Kate Harker and August Flynn are the heirs to a divided city—a city where the violence has begun to breed actual monsters. All Kate wants is to be as ruthless as her father, who lets the monsters roam free and makes the humans pay for his protection. All August wants is to be human, as good-hearted as his own father, to play a bigger role in protecting the innocent—but he’s one of the monsters. One who can steal a soul with a simple strain of music. When the chance arises to keep an eye on Kate, who’s just been kicked out of her sixth boarding school and returned home, August jumps at it. But Kate discovers August’s secret, and after a failed assassination attempt the pair must flee for their lives.

I received this ARC in exchange for an honest review. Quotes taken from ARC may or may not be in the published edition.

I'm this close to having this review be only three words. Because I am not even sure how to go about reviewing this. I loved this, do I really need to say more? How many synonyms do I need to find to express the amazingness that is this book?

Let me try to sum it up. The city of Verity is divided between two factions, the North and the South, held together by a shaky truce. In control of the North Side is Harker, a man who demands money from families for protection against the monsters, the Corsai, the Malchi, and the Sunai. Managing to bring the Malchi and Corsai under his control, Harker is allowed to make the rules as to who dies and who lives. The Sunai side with Henry Flynn on the South side. Although scarce, they are considered the more powerful of the three, able to feed on the souls of sinners. With them in the South, both sinners and monsters are kept in check.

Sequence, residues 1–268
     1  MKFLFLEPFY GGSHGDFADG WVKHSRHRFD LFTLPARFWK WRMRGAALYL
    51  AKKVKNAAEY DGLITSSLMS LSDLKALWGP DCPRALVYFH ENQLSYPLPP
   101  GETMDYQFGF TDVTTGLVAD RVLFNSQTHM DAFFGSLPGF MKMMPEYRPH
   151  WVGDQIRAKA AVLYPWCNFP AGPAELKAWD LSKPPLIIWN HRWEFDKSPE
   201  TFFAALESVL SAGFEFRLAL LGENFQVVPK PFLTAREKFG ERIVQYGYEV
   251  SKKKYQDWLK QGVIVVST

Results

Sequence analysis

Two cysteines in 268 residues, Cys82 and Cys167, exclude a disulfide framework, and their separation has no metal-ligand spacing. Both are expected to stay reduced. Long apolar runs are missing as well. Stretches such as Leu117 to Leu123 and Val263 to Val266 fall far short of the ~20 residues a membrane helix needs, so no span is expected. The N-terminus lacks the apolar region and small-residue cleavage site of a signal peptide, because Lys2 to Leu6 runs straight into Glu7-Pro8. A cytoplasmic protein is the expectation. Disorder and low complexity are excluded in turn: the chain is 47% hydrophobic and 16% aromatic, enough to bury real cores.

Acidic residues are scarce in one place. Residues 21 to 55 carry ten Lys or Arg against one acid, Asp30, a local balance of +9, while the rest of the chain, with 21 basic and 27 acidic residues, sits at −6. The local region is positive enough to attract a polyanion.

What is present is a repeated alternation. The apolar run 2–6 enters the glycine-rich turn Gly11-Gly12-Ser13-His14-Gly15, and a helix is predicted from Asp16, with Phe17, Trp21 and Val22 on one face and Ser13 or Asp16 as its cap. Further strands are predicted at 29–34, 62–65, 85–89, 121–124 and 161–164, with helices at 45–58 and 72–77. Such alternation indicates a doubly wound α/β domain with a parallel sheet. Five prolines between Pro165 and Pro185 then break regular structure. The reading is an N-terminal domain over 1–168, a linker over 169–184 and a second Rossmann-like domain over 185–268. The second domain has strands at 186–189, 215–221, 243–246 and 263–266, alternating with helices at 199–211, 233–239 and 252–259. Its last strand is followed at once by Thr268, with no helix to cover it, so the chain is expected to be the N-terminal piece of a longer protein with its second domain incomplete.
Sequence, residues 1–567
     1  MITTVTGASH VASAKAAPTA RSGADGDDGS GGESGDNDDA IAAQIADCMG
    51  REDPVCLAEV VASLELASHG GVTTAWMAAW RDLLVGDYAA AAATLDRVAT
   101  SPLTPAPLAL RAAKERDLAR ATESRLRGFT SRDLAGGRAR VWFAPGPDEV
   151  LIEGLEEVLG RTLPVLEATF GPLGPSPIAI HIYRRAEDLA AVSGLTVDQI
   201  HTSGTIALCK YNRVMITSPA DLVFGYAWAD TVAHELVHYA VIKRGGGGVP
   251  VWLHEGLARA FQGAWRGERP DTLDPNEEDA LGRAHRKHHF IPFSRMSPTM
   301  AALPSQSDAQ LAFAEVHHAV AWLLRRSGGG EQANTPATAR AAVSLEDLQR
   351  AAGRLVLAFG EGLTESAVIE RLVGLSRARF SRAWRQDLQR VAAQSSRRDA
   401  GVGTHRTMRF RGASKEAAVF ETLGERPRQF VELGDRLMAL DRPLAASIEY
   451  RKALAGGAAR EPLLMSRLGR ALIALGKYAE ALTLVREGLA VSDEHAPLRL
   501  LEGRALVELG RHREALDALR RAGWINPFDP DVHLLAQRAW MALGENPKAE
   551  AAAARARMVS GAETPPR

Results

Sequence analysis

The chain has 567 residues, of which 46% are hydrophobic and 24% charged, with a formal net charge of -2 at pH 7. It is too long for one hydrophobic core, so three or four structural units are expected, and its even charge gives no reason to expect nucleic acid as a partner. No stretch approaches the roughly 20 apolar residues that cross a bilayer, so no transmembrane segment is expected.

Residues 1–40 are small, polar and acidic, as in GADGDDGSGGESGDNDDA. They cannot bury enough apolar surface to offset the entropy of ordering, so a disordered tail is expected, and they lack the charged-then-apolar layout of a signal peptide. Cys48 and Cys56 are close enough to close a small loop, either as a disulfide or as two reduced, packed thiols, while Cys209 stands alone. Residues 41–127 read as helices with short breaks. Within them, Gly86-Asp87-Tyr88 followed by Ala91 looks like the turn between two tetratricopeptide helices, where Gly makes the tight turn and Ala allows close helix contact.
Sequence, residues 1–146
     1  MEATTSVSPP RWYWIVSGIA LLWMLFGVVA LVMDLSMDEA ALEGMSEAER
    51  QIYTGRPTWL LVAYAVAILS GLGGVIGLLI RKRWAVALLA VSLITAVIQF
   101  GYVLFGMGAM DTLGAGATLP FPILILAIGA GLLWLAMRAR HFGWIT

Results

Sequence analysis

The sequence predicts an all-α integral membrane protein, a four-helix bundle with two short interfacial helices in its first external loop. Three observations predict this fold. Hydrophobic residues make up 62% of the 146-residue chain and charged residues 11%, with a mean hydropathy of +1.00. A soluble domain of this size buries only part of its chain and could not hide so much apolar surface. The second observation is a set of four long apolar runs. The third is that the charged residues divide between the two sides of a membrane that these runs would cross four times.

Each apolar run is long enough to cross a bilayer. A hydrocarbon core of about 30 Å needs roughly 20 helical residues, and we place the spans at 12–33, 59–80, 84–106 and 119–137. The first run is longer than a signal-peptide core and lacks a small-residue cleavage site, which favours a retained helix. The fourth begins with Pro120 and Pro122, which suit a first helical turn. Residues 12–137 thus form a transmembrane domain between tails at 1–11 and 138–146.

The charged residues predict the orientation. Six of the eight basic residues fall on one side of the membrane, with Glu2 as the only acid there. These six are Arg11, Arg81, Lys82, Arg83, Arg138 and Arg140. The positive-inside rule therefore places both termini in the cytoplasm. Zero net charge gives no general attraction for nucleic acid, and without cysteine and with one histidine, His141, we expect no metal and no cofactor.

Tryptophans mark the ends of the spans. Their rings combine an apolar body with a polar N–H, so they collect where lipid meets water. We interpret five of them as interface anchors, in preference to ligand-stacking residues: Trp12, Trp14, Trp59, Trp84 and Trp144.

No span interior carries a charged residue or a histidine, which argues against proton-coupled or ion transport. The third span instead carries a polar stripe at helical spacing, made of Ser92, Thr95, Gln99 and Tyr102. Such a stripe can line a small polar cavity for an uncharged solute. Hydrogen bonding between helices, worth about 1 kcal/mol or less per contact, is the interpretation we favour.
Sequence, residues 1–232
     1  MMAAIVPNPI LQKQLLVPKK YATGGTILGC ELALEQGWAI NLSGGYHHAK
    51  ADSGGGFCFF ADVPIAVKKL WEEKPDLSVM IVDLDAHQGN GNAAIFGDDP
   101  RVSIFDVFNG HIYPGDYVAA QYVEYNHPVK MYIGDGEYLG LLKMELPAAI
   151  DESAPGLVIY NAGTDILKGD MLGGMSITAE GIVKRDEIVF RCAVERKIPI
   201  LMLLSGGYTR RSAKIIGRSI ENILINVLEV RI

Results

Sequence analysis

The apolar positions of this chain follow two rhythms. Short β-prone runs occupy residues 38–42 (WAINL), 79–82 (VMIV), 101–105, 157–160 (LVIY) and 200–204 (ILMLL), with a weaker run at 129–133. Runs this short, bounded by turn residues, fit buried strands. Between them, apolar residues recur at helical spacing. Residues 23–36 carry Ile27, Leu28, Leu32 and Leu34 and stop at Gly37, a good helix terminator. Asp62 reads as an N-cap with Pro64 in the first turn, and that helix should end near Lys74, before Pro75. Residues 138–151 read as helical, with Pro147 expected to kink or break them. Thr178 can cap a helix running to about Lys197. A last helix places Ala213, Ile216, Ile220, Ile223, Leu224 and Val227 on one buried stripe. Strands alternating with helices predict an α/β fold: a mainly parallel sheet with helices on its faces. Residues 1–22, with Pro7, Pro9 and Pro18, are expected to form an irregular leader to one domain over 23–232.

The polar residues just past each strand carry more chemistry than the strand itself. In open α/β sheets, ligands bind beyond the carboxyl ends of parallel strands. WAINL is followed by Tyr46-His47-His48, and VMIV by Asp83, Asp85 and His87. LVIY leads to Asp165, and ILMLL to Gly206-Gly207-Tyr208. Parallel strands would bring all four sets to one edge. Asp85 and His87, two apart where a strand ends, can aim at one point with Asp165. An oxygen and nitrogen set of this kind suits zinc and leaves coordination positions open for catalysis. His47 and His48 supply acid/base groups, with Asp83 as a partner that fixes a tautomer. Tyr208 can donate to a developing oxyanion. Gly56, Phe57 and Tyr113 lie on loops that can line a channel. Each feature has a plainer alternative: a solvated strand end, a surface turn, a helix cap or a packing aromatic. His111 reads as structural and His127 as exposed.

August is one of those Sunai, a monster that represents justice. Since monsters come from the shadows of living sinners, they must be killed. Under the "protection" of Henry Flynn, he is sent out to kill them with his music. His Sunai brother, Leo, convinces him to spy on Harker's daughter, Kate, over on the North Side at Colton Academy. Problem is, he has to pretend to be human or else risk getting caught.

Those two little paragraphs above does no justice at all. There are many, many details missing. Ones that make this whole story much more complex than it seems. So much thought was put into this, and I just absorbed it all.

I loved August. He is a monster, but he is also a human.

I loved Kate, who only wanted her father's respect.

I loved when the two were together. I wanted Kate to finally figure out who, or what, he was. I couldn't wait to see how everything would turn out when both August and Kate had to escape from the Malchi chasing them.

I wanted to know more, about everything. What is the Phenomenon that caused the monsters to form from human shadows? What is it like outside of Verity City? And since most of the novel focuses on  the North side, what is it like in the South? Seriously, when is the next book coming out?